If there’s one thing 2020 has underscored, it’s our reliance on the online world for social connection and interaction. For many of us, online platforms and services like Facebook and Google’s offered a lifeline during the pandemic, allowing us to stay in touch with family and friends, to move work and schooling online and to get up-to-date health information. But this convenience comes at a cost to our human rights, including our mental health, as is powerfully shown in The Social Dilemma, a new documentary released on Netflix last week.
The Social Dilemma opens our eyes to the way our lives are constantly monitored – and controlled – by these platforms. It’s the Truman Show on steroids, monitoring one third of the planet.
Back in April former Google CEO Eric Schmidt expounded “the benefit of these corporations — which we love to malign — in terms of the ability to communicate … the ability to get information, is profound…” and said that people should be grateful that “these companies got the capital, did the investment, built the tools that we’re using now and have really helped us out.” In the documentary, however, Silicon Valley insiders paint a very different picture. They argue that the worst aspects of humanity keep manifesting themselves on these platforms as a direct result of how the platforms were designed.
These platforms are designed to optimize three things: i) how long can they keep eyeballs glued to screens; ii) how many new users they can get; and iii) how much ad revenue they can generate from serving ads to people whose eyeballs are on screens.
The Social Dilemma opens our eyes to the way our lives are constantly monitored – and controlled – by these platforms. It’s the Truman Show on steroids, monitoring one third of the planet.Rasha Abdul Rahim, Co-Director Amnesty Tech
This all feeds their underlying business model, which is essentially to harvest and monetize our personal information. This model’s fundamental characteristic is to aggregate vast amounts of data on people by keeping them on the platforms for as long as possible, use that data to infer incredibly detailed profiles on people’s lives and behaviour, and monetize it by selling those predictions to whoever wants to influence them.
As we warned in our 2019 report, the surveillance-based business model of Facebook and Google is not only inherently incompatible with the right to privacy, but poses a systemic threat to a range of other rights including freedom of opinion and expression, freedom of thought, and the right to equality and non-discrimination.
Algorithms on YouTube determine what video will play next, while on Facebook they determine the content on our feeds and what ads will be served to us. Very often these algorithms amplify disinformation and divisive content, fuel racism, and even influence our own beliefs and opinions.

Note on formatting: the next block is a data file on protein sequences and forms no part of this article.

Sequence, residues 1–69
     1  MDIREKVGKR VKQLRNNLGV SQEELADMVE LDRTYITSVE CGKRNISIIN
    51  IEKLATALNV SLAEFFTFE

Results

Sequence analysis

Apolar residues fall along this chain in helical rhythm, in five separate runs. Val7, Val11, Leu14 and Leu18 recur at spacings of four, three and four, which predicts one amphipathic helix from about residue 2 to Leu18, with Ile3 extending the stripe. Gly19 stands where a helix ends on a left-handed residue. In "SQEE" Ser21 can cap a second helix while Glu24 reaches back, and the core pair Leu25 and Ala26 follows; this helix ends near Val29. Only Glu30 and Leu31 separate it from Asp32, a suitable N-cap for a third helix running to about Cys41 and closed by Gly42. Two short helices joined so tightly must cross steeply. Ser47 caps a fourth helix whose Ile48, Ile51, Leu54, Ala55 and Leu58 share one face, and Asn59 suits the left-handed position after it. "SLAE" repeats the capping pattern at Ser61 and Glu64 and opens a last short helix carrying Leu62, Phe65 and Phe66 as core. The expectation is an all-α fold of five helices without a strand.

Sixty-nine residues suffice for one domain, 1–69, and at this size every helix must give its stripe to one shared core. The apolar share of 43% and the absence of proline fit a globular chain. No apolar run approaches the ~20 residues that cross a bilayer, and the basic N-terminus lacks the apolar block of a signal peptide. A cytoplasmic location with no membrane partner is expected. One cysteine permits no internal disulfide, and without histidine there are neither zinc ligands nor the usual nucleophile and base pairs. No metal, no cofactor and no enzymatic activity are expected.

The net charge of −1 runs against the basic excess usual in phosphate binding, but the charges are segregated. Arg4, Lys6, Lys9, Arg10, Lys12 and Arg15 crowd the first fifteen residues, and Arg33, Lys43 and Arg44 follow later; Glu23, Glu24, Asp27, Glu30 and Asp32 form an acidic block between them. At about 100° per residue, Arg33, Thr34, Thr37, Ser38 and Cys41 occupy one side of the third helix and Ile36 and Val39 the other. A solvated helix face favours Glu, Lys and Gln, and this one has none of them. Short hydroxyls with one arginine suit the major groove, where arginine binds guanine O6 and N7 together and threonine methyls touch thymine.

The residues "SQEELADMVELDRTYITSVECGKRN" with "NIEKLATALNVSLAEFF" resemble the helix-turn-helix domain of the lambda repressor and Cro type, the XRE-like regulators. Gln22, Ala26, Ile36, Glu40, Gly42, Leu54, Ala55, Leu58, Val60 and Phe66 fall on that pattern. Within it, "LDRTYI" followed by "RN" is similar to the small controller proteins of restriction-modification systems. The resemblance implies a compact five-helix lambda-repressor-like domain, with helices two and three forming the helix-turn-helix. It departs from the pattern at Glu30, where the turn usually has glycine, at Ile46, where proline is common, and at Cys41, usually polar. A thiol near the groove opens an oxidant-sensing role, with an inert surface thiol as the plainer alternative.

The film reveals how teams comprising predominantly white men in Silicon Valley are explicitly tasked with exploiting the vulnerabilities of our human psychology: our addictive nature, our need for social validation and our bias towards incendiary and sensationalist content. Precisely because these companies worked out that this is the best way to keep us on for longer, get more and more data about us, make better predictions about us and profit from selling us ads.
In other words, the whole information ecosystem that currently serves one third of the planet was set up not to serve us but to manipulate and use us. Facebook and Google services appear “free” but, as former Google designer Tristan Harris says in the film, “if you’re not paying for the product, you are the product”. And the dominance of the companies’ platforms means it is now effectively impossible to engage with the internet without “consenting” to their surveillance-based business model.
Although the film positions this as a “social dilemma”, it does not need to be a dilemma at all. Despite what we have been led to believe, the internet does not need to depend on surveillance. People who signed up for platforms when they were far more privacy-respecting or before they were acquired by Facebook or Google now face a choice between leaving a service they depend on or submitting to constant surveillance. This is not – and should not be – a legitimate choice.
We urgently need governments to step up and introduce regulations to overhaul the business model and protect our rights. This a systemic and structural issue that won’t be easy to address and will require a mix of political, legal and structural solutions.
Efforts to set much stricter limits on the tracking and use of personal data won’t be enough if they don’t address the concentration of data – and power – in the hands of Facebook and Google. At the same time, the increasing chorus of politicians, regulators and academics who propose that Big Tech should be “broken up”, will fail to address the systemic human rights abuses unless they push for measures that holistically tackle the surveillance-based business-model itself.
No one approach will work on its own, nor can we solve the social dilemma alone. We need leadership and urgent action from our governments to protect us from the abuses of Big Tech.